Let us now praise the Florida Legislature.
What, did you think every bill that passed this year was a bad idea? Impossible. Even if legislators tried, they would do some good, if only accidentally. But they did even better than that.
The rules for this list are simple: It's not enough that the Legislature merely refrained from doing something bad. No, we're talking about an actual, constructive act of do-gooding.
Heck, you can find a couple of dozen things off the bat. For example:
• A firefighter in Volusia County was killed during training in 2007 and his family was denied death benefits. The Legislature made sure training is covered, too.
• The Legislature passed tougher penalties for con artists who sell annuity scams to the elderly.
• It helped struggling Floridians by cracking down on abuses by debt collectors.
• It put $200,000 into the state budget for an "innocence commission" to investigate cases of possible wrongful conviction.
• It spared Florida employers who were going to be socked with a ridiculous increase in unemployment taxes. (We still have to pay for it later, but putting people out of business in a recession seemed like a bad idea.)
• The Legislature passed higher standards for high school graduation, especially in math and science, and also moved away from the reviled FCAT in favor of other end-of-course testing.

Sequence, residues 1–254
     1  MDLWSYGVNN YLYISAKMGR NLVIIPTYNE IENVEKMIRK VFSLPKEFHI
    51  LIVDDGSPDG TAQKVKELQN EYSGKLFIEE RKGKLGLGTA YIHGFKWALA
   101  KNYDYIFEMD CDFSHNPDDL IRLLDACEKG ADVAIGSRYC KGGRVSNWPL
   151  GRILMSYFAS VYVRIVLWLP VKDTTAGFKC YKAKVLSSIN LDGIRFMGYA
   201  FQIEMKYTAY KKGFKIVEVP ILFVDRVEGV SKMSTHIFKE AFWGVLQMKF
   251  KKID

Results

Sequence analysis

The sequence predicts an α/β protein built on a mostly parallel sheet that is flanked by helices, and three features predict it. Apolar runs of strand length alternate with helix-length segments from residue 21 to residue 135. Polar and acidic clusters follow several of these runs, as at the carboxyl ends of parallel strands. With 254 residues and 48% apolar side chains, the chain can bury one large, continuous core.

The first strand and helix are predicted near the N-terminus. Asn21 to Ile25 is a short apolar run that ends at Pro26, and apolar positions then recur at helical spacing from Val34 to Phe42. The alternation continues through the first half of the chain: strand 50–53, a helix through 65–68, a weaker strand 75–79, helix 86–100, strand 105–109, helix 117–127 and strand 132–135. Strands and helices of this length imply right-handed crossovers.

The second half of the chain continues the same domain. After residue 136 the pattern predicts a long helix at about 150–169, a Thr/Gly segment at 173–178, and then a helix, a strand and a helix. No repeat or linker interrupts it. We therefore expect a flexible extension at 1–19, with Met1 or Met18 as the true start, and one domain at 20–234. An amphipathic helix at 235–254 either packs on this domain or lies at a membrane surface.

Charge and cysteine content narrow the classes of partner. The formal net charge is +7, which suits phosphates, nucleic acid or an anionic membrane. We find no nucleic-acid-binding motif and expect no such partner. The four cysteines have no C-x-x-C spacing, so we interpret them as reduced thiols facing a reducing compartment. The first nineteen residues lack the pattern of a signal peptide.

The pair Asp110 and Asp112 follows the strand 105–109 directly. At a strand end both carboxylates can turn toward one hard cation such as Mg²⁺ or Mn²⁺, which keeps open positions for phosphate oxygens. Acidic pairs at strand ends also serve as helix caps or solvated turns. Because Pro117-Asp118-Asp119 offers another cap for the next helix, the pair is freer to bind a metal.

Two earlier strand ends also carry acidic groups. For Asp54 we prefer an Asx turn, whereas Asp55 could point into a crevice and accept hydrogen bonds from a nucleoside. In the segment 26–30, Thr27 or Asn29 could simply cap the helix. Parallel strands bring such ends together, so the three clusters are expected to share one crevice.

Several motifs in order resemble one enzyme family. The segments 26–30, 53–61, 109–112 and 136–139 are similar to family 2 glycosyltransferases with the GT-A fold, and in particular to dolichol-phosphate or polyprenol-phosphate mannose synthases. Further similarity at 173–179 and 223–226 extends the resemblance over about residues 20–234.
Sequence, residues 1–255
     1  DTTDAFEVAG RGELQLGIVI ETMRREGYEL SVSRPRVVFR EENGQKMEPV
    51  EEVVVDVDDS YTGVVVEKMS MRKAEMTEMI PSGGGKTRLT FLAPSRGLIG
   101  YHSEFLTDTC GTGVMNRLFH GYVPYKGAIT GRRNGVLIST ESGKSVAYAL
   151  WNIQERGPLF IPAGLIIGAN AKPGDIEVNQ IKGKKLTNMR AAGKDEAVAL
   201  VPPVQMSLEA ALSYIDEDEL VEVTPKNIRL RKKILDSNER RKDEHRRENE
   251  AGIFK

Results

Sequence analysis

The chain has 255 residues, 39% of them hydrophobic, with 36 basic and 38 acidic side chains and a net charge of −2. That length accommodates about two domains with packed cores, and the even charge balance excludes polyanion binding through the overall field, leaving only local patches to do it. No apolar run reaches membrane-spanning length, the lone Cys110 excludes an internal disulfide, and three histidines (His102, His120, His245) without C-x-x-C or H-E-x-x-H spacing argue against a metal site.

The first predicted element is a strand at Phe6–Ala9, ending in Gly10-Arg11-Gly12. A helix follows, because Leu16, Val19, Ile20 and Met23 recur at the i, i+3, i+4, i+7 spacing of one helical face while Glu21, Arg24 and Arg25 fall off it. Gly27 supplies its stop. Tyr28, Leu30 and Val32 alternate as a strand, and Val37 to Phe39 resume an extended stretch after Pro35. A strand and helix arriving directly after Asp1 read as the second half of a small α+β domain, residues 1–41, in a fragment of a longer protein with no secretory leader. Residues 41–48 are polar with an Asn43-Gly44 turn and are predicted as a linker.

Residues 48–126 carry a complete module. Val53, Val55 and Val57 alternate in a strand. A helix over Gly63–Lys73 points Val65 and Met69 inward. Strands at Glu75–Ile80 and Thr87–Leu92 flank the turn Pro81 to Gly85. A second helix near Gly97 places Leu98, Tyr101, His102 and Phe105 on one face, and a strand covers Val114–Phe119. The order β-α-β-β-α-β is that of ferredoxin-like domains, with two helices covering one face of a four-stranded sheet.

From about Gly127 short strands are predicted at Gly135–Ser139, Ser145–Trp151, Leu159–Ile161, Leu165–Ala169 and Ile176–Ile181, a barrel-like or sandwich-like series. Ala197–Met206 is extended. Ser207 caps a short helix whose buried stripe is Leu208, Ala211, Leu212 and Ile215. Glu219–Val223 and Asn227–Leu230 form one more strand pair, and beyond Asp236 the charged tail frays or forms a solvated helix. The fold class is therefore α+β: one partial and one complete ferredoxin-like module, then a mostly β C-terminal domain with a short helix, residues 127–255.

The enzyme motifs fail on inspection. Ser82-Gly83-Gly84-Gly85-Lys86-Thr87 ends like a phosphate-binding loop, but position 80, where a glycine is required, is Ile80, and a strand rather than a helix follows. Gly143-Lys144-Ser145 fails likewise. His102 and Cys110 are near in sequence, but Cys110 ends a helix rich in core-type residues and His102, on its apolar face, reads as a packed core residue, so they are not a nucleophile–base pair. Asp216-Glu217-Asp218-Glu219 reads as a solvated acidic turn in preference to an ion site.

• It cracked down on "pill mill" prescribers and banned the sales of "reptiles of concern" (no jokes about me, please), in particular the invasive Burmese python.
• It gave the state more tools for investigating Medicaid fraud.
• It passed much-needed rules for shadowy political advertising groups after the state's old law was thrown out.
• The Legislature voted to require its own members, along with 27,000 other higher-level state employees, to start contributing toward the cost of their health insurance. It's not that much, but it was zero before.
• After two decades of failure and deadlock, the Legislature and governor finally approved a gambling deal with the Seminole Tribe of Florida. The state gets $435 million now and $1 billion over five years.
Of course, the biggest "law" the Legislature passes each year is the state budget. This year's is $70.4 billion.
Nobody likes all of the budget, and you can argue that the state should be spending more on X or Y. But this budget avoids widespread, brutal cuts, and even actually chips in a little more for education.
The Legislature restored $21 million for public libraries originally targeted to be cut. It put $15 million back into the Florida Forever land-buying program, better than last year's zero. It set aside a state reserve fund of $1.4 billion.
I know, I know. They robbed trust funds and took a lot of federal stimulus money to pull it off. Next year's budget shortfall will be a disaster. And so forth. All I'm sayin' is, this could have been a lot worse this year.
Lastly, please turn your attention to Senate Bill 765, making it a third-degree felony with mandatory punishment for illegally transporting, distributing, buying or selling horse meat. In no way do I make light of that disquieting topic, nor abuse of the noble horse, by concluding: Given this list of bills, is the Legislature all bad, then? Nay.